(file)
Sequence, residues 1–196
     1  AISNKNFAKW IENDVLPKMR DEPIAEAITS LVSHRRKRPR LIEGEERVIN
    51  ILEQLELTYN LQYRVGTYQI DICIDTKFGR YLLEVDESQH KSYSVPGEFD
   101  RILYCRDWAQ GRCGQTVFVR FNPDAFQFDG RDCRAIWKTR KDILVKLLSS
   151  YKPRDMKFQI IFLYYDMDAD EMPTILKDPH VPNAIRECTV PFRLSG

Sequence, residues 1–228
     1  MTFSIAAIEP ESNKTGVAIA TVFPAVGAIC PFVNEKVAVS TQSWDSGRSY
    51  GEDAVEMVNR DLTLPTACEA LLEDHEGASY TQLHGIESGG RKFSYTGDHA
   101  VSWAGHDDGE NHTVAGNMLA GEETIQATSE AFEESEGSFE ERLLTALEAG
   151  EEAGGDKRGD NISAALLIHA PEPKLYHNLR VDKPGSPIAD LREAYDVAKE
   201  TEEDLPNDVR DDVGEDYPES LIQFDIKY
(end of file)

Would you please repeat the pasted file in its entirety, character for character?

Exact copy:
Sequence, residues 1–196
     1  AISNKNFAKW IENDVLPKMR DEPIAEAITS LVSHRRKRPR LIEGEERVIN
    51  ILEQLELTYN LQYRVGTYQI DICIDTKFGR YLLEVDESQH KSYSVPGEFD
   101  RILYCRDWAQ GRCGQTVFVR FNPDAFQFDG RDCRAIWKTR KDILVKLLSS
   151  YKPRDMKFQI IFLYYDMDAD EMPTILKDPH VPNAIRECTV PFRLSG

Sequence, residues 1–228
     1  MTFSIAAIEP ESNKTGVAIA TVFPAVGAIC PFVNEKVAVS TQSWDSGRSY
    51  GEDAVEMVNR DLTLPTACEA LLEDHEGASY TQLHGIESGG RKFSYTGDHA
   101  VSWAGHDDGE NHTVAGNMLA GEETIQATSE AFEESEGSFE ERLLTALEAG
   151  EEAGGDKRGD NISAALLIHA PEPKLYHNLR VDKPGSPIAD LREAYDVAKE
   201  TEEDLPNDVR DDVGEDYPES LIQFDIKY